From the time of interruption with Saudi Arabia began, Pradhan has had meetings with United Arab Emirates’ minister of state and chief executive of Abu Dhabi National Oil Co (ADNOC), Sultan Ahmed Al Jaber, and U.S. energy secretary Jennifer Granholm to strengthen energy partnerships.

Pradhan recently said African nations could play a central role in India’s oil diversification. The country is looking at signing long-term oil supply deal with Guyana and reconnoitering possibilities to raise imports from Russia, the oil ministry source said.

A separate Indian government source said the government supposes Iranian sanctions to simplify in three to four months, hypothetically offering India a cheaper alternative to Saudi oil.

Two traders settled that Iran stood a good chance to benefit from India’s shift, as did Venezuela, Kuwait and the United States. An Indian refinery source believed the U.S., Africa, Kazakhstan’s CPC Blend and Russian oil would possibly get a look too.

Though Indian importers will expose growing volumes of appealingly priced global grades, most analysts assume the Middle East to persist India’s primary oil supplier, largely because of lower shipping costs.

India’s oil ministry is working with refiners on a framework to together negotiate terms with suppliers.

Kapoor said “Buyers have alternatives in today’s market and these alternatives are going to multiply going forward. There are so many companies in India that do buying at their own level, so these companies coming together also becomes quite a big bloc.”

On Thursday, Saudi Arabia and OPEC+ approved after conferences with U.S. officials to ease oil limits beginning in May.

Saudi energy minister Prince Abdulaziz bin Salman accepted that the production cuts had put state oil company Aramco “in some difficulty with some of its partners.”

Analysts believes that the oil fight does not need to spill over into broader premeditated ties in other sectors, involving defence.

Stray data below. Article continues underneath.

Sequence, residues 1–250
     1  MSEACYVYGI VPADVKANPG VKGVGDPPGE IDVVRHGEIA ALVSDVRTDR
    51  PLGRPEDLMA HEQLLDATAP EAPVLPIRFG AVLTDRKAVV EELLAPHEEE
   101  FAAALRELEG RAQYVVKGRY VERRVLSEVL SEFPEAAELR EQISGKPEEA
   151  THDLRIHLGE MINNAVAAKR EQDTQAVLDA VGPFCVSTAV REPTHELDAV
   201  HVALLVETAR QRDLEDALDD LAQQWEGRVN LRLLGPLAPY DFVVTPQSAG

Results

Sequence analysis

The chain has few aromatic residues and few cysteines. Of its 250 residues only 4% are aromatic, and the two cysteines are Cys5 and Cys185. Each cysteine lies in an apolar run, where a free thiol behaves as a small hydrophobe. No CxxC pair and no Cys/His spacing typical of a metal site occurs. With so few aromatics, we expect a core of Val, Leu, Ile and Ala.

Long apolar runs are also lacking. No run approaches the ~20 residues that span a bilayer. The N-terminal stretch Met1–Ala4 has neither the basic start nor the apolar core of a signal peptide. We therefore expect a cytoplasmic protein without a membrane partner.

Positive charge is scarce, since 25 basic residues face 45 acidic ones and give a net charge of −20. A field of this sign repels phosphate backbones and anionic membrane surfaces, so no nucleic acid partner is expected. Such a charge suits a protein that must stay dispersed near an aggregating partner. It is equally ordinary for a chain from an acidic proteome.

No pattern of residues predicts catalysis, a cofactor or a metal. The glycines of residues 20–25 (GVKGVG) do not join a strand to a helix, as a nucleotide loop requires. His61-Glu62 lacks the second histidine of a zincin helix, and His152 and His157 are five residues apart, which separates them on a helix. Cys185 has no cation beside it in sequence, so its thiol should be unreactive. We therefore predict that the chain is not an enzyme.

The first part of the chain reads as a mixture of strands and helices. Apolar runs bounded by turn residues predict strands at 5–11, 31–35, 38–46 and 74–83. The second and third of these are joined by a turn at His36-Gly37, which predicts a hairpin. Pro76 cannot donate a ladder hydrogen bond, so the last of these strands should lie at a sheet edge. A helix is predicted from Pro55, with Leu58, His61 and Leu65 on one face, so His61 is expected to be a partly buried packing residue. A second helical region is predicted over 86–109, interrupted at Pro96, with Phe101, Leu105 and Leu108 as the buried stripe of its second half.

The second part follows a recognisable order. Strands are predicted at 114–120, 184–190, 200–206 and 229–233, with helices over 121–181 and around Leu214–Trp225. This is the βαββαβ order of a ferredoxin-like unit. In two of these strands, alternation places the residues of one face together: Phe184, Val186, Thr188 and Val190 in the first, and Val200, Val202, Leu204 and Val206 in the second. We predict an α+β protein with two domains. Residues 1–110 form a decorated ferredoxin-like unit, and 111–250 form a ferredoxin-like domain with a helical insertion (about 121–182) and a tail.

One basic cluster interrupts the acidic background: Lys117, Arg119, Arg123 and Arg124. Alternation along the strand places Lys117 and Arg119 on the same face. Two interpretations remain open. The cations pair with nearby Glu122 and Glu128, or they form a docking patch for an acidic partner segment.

Consultancy Eurasia said in a note, “Until recently, the balance of power was skewed towards Saudi Arabia, but increasingly, India is using access to its market and the diversity of options to put pressure on Saudi Arabia. For Saudi Arabia, losing market share in a global environment in which most developed economies are already seeing their oil demand decline due to green policy implementation, would be a blow.”

Abdulaziz established that Aramco had preserved normal April oil supplies to Indian refiners while cutting volumes for other buyers – a sign Saudi Arabia is anxious about India’s search for new sources.

Saudi Arabia is India’s fourth-biggest trade partner, importing a slew of items, comprising food. Saudi Armaco is looking at buying a 20% stake in Reliance Industries’ oil and chemicals business. It is also a part of a united venture to build a 1.2 million barrels per day refinery in India.

Amitendu Palit, senior research fellow at National University of Singapore, said it would be problematic for Saudi to discover a steady substitute buyer if India remains with abridged purchases for too long.

Palit mentioned, “This bilateral relationship should not be impacted due to any decisions on one commodity. However, in a global surplus, market buyers have a lot of negotiating power and sources.”